RTI contributor Robert Hughes is the author of this article
Following a bye week where Tennessee head football coach Jeremy Pruitt ended up addressing mostly off-the-field issues, he commented mostly on his team’s recent performance in practice and against Florida in his Wednesday press conference after practice.
Despite a lopsided 34-3 loss at the hands of the No. 9 Florida Gators, Pruitt was complimentary of his team, particularly his offensive line. The Vols’ second-year head coach said the O-line’s performance in Gainesville may have been its best of the season.
“Our guys up front have continued to work hard and compete. I felt like our best game as an offensive line, since I’ve been here, was the Florida game, and we scored three points,” Pruitt said.
Against the Gators, the Volunteers only produced 88 yards on the ground and gave up four sacks, but Pruitt remained pleased with his offensive line’s performance. The statistics, including only scoring three points, don’t tell the whole story, Pruitt says.
“We throw the ball down the field early in the game, break some tackles,” Pruitt added, “and for the first time, I see white shirts running down the field trying to pepper people like they’re supposed to.”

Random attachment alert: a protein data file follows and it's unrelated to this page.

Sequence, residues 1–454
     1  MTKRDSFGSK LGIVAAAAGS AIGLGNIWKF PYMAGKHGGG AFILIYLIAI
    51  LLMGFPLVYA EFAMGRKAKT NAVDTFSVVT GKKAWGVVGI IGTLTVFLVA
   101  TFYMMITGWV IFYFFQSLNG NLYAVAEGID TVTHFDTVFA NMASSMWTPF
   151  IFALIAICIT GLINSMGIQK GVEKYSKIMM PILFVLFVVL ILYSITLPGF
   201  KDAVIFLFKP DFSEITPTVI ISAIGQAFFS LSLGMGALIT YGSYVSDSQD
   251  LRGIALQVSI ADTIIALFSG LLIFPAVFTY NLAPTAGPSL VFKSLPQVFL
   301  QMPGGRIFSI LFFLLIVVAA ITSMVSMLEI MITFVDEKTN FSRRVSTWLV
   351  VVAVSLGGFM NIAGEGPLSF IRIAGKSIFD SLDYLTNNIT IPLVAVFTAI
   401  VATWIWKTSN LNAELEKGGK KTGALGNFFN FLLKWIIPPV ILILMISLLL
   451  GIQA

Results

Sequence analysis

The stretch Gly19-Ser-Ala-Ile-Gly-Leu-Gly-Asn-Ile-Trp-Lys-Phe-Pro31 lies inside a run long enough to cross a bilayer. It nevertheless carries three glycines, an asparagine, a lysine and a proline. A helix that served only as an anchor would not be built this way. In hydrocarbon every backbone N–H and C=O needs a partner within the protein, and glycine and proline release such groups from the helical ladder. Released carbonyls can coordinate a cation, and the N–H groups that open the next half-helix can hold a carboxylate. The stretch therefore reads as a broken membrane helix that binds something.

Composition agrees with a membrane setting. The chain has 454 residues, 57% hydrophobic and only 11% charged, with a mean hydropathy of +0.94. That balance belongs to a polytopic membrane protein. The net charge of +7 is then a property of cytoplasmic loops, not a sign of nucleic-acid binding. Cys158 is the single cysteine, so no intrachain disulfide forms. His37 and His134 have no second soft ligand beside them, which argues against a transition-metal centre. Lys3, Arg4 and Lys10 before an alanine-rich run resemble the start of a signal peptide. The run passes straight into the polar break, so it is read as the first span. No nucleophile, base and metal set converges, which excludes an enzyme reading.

For a team that has struggled, perhaps, more than it was supposed to, finding small bits of improvement is the key to changing the culture. While the team is beginning to do some of the small things right, Pruitt still notes that the offensive line has made its share of mistakes along the way. Most notably were the big personal foul penalties that came against some of UT’s offensive linemen against the Gators.
“Now, we can’t hit them after the whistle,” Pruitt continued. “We’ve got to improve up there, stay on guys. We’ve got a couple of penalties. We got a hands-to-a-face when we gained 8 yards on a run.”
Trey Smith was whistled for the “hands to the face” penalty Pruitt mentioned, and redshirt sophomore K’Rojhn Calbert was called for a questionable late hit on Tennessee’s first drive of the game. That penalty derailed what looked like a promising opening offensive possession for the Vols, and they ended up punting the ball away in Florida territory.
Even so, Pruitt has seen enough from his front five of the offense to remain confident in the future of Tennessee’s offensive line.
“There [were] lots of glimpses there in that game from how far we’ve come since the first game we coached here,” Pruitt stated. “Our guys will continue to work. They’re young. They’re going to improve and get better. We’ve got competition up there now.”